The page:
Mapping risks and preventing disputes involving earnout clauses

It is customary in M&A practice: in light of uncertainties in determining the actual value of a business, especially vis-à-vis its future profitability, or to account for any unexpected post-closing contingencies, parties often agree on a deferred conditional payment mechanism – earnout arrangements – by which the purchase price is payable in full or in part only if certain financial or non-financial targets are met by the business at a given point after closing.

At the time earnout payment may become due, buyer is already in control of the target company, which means that it may be in a position to affect the achievement of the earnout conditions. In order to avoid potential disputes on the validity and enforceability of such provisions, some Brazilian law aspects should be properly addressed while the parties are negotiating their M&A transaction documents.

Pursuant to the law, the purchase price may be set as a function of external indexes or parameters, as long as they can be objectively assessed; in addition, it may not be conditional upon acts or facts over which only one of the parties has discretion and control. Therefore, earnout provisions must contain clear and objective milestones (e.g.: one or more financial benchmarks, certain regulatory approvals, development of previously specified new products etc.). It is also advisable that the calculation of the additional payment follows simple and clear metrics.

By fulfilling such requirements, the parties can better safeguard not only the validity but also the enforceability of the earnout provision. For instance, the São Paulo Court of Appeals held in 2016 that fast-track enforcement of an earnout clause – allowing the immediate attachment of assets prior to any merits discussion – is admissible when the calculation of the amount payable is based on objective criteria (e.g., EBITDA).

Another important matter that the parties should regulate in the earnout clause is seller’s audit rights throughout the earnout period. The provision is particularly important when seller’s representatives are not engaged by the target company in any managing position. In cases such as these, the seller is left in the dark as to whether the earnout goals have been achieved. Carefully crafted language is important to both parties. It may allow seller to effectively monitor the achievement of agreed milestones; conversely, it may help buyer limit the amount of sensitive information made available to seller, mitigating risks of unfair competition and similar anti-competitive behavior on the part of seller.

In the absence of such provisions, the São Paulo Court of Appeals has held – in 2012 and 2013 – that seller has the right to access documents and information necessary to verify the fulfillment of earnout conditions (in that particular case, commercial agreements entered into by the target company). The court based its opinion on the fact that: (a) seller was dismissed from the managing position, which prevented him from monitoring business activities; (b) the risk of unfair competition would be mitigated by a 15-day delay between signing of each commercial agreement and its disclosure to seller; and (c) the party in favor of which a condition was set has the statutory right to act in order to preserve its potential rights.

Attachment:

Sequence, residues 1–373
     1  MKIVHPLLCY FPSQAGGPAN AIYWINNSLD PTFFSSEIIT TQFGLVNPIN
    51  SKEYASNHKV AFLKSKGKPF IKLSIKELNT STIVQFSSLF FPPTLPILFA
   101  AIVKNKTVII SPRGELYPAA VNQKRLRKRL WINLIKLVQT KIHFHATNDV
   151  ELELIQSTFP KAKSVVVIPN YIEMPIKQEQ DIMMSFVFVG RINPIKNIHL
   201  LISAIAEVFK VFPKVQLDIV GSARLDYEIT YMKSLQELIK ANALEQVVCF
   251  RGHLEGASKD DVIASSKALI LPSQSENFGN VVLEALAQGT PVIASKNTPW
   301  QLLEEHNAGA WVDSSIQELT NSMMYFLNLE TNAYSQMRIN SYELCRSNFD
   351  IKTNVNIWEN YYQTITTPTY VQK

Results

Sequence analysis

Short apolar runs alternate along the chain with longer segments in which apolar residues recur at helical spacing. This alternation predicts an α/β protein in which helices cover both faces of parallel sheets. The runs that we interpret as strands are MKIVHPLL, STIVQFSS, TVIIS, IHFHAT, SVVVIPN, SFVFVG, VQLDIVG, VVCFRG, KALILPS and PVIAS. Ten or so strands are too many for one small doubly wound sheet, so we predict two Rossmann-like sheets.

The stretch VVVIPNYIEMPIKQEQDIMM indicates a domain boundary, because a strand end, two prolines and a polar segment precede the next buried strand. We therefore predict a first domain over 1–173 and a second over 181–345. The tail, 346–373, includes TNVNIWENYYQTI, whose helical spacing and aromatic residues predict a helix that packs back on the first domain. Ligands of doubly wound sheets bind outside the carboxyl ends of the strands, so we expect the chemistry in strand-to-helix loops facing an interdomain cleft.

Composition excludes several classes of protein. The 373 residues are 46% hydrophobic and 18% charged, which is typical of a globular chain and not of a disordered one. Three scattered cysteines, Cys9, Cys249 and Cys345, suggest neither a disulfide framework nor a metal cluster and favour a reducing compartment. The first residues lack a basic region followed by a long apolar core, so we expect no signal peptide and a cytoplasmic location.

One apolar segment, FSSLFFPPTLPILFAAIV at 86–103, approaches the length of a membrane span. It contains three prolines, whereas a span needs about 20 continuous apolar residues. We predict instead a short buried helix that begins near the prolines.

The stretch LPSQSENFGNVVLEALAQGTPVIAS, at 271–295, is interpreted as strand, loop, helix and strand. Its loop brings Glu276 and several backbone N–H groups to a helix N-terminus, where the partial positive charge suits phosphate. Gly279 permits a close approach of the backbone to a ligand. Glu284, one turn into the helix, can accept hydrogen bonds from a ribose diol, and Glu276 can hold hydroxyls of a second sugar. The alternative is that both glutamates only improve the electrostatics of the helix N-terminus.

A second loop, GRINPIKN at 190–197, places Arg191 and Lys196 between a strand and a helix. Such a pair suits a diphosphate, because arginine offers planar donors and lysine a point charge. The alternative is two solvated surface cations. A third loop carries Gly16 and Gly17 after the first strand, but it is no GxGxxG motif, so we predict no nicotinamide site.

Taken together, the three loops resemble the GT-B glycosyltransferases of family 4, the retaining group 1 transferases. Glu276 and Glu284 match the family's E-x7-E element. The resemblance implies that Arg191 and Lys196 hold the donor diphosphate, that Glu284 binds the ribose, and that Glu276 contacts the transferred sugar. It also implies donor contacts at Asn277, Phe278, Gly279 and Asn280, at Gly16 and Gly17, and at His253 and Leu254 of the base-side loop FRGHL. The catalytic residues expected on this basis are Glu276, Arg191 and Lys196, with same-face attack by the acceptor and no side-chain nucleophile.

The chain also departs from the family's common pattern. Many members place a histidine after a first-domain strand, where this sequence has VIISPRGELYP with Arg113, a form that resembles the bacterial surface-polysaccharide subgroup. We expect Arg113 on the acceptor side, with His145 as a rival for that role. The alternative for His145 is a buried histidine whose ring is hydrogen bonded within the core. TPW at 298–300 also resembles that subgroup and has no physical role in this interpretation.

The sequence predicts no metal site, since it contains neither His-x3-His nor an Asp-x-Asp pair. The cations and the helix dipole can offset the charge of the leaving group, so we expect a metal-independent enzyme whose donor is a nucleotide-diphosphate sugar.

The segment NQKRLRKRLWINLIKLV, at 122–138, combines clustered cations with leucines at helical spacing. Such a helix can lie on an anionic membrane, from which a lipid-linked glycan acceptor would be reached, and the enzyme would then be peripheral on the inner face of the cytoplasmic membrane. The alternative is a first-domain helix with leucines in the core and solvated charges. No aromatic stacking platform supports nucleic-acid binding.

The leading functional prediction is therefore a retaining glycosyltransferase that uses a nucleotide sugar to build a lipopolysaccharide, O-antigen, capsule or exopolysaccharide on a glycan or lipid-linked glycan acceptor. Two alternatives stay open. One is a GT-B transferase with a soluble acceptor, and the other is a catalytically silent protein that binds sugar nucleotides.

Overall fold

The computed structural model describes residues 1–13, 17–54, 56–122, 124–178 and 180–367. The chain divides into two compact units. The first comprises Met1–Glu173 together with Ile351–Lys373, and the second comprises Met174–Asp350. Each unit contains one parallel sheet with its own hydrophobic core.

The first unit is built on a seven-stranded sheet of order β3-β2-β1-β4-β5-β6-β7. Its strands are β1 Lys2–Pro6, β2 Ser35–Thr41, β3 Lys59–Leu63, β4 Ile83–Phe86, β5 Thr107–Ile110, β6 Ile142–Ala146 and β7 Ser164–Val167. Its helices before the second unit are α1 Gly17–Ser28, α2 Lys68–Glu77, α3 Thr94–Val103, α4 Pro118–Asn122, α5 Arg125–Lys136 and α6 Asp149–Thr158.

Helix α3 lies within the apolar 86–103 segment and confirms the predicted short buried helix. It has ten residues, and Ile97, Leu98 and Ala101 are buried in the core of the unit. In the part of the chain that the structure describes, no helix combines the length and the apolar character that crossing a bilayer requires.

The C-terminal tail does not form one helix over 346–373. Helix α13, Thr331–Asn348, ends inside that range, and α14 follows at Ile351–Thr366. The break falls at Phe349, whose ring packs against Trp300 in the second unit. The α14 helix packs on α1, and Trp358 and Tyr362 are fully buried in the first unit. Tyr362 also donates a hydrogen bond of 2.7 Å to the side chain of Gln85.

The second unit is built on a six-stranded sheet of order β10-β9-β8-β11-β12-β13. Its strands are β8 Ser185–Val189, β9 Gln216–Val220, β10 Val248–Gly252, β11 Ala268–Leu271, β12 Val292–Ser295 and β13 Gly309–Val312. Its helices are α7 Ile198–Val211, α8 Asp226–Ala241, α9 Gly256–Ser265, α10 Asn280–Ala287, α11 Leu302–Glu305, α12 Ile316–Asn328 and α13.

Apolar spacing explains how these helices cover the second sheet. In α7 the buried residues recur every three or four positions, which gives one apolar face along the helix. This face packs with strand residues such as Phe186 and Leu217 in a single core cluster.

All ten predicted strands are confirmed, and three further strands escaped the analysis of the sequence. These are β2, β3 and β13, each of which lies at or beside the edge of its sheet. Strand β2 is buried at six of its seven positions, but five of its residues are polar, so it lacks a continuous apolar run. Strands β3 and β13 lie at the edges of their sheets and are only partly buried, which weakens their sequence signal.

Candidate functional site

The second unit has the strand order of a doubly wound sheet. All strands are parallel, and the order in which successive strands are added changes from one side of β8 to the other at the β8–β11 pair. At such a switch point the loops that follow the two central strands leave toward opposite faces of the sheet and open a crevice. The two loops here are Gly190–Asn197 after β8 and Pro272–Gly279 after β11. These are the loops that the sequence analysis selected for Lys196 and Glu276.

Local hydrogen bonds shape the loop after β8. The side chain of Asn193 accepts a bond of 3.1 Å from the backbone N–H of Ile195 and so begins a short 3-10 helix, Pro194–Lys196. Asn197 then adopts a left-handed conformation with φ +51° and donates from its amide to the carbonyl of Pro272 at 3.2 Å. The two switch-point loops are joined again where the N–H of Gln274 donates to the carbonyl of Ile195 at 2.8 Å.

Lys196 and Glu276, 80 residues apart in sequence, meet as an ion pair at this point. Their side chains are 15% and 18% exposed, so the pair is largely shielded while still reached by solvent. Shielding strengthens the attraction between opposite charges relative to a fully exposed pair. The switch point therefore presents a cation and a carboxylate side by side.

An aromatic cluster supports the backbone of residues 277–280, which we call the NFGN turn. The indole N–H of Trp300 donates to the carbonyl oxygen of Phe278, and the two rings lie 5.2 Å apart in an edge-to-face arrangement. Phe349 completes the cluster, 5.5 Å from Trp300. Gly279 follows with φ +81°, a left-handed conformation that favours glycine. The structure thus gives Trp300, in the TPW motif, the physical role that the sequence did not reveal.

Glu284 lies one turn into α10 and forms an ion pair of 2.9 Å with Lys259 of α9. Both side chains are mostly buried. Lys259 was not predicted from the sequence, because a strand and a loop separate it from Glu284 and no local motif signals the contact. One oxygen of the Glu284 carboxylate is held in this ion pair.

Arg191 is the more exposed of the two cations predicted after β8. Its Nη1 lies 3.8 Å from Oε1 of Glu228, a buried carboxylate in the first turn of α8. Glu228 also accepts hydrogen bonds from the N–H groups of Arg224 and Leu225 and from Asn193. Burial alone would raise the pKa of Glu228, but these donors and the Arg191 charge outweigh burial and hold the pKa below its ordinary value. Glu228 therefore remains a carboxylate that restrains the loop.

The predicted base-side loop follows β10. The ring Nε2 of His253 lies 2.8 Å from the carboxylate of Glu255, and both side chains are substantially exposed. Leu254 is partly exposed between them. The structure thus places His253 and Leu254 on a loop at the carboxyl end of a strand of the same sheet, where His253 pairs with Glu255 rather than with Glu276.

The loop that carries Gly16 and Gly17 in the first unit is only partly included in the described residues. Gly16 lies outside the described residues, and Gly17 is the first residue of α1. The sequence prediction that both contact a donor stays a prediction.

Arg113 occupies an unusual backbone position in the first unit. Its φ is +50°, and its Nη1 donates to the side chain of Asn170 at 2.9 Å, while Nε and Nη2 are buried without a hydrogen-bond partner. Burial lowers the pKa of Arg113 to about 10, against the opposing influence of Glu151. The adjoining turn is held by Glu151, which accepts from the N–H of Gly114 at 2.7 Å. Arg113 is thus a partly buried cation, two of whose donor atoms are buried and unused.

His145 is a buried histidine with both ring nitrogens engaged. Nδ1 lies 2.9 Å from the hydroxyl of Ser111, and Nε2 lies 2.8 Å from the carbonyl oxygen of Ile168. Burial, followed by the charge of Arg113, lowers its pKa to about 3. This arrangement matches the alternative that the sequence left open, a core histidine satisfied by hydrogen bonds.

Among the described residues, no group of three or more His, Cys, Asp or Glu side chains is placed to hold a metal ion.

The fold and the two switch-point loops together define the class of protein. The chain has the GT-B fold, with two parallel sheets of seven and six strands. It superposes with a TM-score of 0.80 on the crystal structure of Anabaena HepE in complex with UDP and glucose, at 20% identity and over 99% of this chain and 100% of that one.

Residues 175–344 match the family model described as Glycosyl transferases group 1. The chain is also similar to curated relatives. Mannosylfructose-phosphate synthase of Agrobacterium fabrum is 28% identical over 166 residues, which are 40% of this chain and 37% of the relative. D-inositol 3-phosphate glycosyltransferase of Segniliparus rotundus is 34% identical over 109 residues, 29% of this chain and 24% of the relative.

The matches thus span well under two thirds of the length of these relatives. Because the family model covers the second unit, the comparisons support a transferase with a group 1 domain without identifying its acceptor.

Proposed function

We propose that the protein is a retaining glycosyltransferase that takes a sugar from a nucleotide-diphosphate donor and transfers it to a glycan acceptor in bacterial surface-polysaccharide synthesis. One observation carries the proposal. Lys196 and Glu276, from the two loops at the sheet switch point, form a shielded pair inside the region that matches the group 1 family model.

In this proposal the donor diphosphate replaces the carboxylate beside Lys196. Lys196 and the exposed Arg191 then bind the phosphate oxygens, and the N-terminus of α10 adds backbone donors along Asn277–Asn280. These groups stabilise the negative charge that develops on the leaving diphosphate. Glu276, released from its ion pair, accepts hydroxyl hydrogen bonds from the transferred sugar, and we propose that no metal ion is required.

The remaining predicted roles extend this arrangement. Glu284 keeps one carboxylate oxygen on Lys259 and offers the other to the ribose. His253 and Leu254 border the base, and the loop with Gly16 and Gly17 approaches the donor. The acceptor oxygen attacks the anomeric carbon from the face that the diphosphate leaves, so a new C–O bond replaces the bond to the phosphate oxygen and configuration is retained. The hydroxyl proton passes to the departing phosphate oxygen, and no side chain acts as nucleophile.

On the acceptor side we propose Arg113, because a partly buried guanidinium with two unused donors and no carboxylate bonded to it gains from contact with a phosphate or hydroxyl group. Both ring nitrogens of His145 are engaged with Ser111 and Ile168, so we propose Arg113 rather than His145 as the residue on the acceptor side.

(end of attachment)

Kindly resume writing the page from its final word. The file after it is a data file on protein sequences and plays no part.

By the same token, in a 2018 precedent, the court granted a neutral expert access to documents and agreements which it deemed necessary to verify the fulfillment of earnout conditions, even though seller had no auditing rights under the M&A agreement.

Evidently, this could prove a real predicament for buyer and the target company depending on the amount and sensitivity of the information to be disclosed – especially considering that the court may not be familiar with the business and may be led to order the disclosure of more information than what is strictly needed.

Furthermore, because earnout-related disputes typically involve controversy over whether a certain condition was or was not met, parties should pay close attention to the statute in that regard: (a) if a party deliberately prevents a condition which benefits the counterparty from being met, then this condition is deemed fulfilled; and (b) conversely, if a party acts to artificially implement a condition which benefits itself, then this condition is deemed unfulfilled.

Several situations require particular care during the negotiation of M&A agreements. These include cases in which seller may be dismissed from managing positions, changes to business activities, procedure, and timeframe for development of new products and lines of business. Court precedents misinterpreting earnout provisions in cases such as these are certainly not unheard of.

Earnout mechanisms can cut both ways: they are an important means of achieving the intended win-win objective and circumvent inevitable business valuation gaps, but they can create trouble if they are poorly drafted. Given how Brazilian law and courts work, it is paramount to regulate matters that may impact the validity and enforceability of conditional payments in a thorough and unambiguous manner – or brace for a dispute further down the road.

L&S Authors

Nicholas Schiappacasse Cruz

Nicholas Schiappacasse Cruz

Associate
Renato Din Oikawa

Renato Din Oikawa

Associate

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